Then there's another side of religion, which deals with the fact that we are all going to die and people we love are going to die. That realization causes
an enormous crisis for most of us. Since we have evolved, human beings have always tried to address this crisis. Either we say, "don't worry something
better is waiting for you (after death)," or there's a saying of "don't get too attached to this life - it's transient."
There are many different strands to these spiritual traditions, but I think those traditions are valuable, not as dogma that "my religion is right
and yours is wrong," but as many different attempts to help people understand, explore, experience, transcend this crisis of being mortal, of being a human being.
I think organized religion is not the only way to address these things. People address this through art, by how they live their daily lives, through music,
by taking care of their children or their parents; by falling in love. That collective project is interesting to me and I think it's vital.
When you think about Pakistan and religion, my concern is this attempt by the state or various private actors to push the first type of religion - the
differentiating "us versus them" program of "I'm right and you're wrong, you're my group and he's not!" - which has many negative aspects that are often
talked about, such as terrorism, violence, and extremism.
It has another negative aspect in that it pushes religion down a path that damages the second side of religion - the spiritual side. I do feel that is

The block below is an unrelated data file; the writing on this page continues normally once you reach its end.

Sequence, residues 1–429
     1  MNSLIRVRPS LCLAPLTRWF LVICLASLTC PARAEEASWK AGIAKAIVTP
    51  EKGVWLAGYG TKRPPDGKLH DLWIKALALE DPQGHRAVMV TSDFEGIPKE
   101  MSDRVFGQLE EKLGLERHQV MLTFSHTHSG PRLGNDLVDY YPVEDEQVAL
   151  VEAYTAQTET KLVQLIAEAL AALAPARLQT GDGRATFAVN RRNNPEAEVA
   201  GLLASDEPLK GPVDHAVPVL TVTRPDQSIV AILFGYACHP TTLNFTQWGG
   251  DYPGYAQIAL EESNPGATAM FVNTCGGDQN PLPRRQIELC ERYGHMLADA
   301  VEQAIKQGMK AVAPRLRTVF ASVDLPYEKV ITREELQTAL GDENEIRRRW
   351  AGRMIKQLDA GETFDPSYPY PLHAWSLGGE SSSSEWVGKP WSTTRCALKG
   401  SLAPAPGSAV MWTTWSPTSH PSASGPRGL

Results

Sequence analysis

happening in Pakistan. This headlong rush in Pakistan has negative effects in that spirituality and decency have leached out of the culture due to the
distortion of religion.
I want to avoid saying that religion just has a political component. And for Pakistan, that it should be founded as a nation with a separate religion from
India, religion plays a deep, deep role.
But now it's possible to imagine a Pakistan, 60 years after independence, that is not so hung up on the political dimension of religion. A Pakistan that
allows religion to be at the mercy of its own people, and I don't know if it's happening, but I would like that to happen. There are some signs.
There seems to be a stark contrast in the depiction and perceptions between India and Pakistan. India, despite its own challenges, has bhangra,
Bollywood, biryani, outsourcing and tech support. Pakistan is colored by bleak and depressing descriptions and cannot seem to escape a conversation
without words like failed state, chaos, explosive or Taliban. You and a handful of writers have crossed the mainstream. Have you felt the burden of
representation and do you feel you have a role and responsibility to present a more nuanced side of Pakistan and 180 million Pakistanis?
It's something I try not to feel but probably do feel. I don't think anyone as a person can be representative of (a people.) I'm not a
representative of Pakistan; I'm just an example that Pakistanis are different from each other. I believe it in my fiction and I believe it personally. As
you said, there are so many misconceptions about Pakistan that it's easy to slip into the feeling that "I want to correct some of these misunderstandings,"
but also not be a propagandist that says that "Pakistan is fantastic and it's great!" There are very real troubling crises in Pakistan. But there's also a
vibrant and functioning society that is evolving and developing and changing in many ways.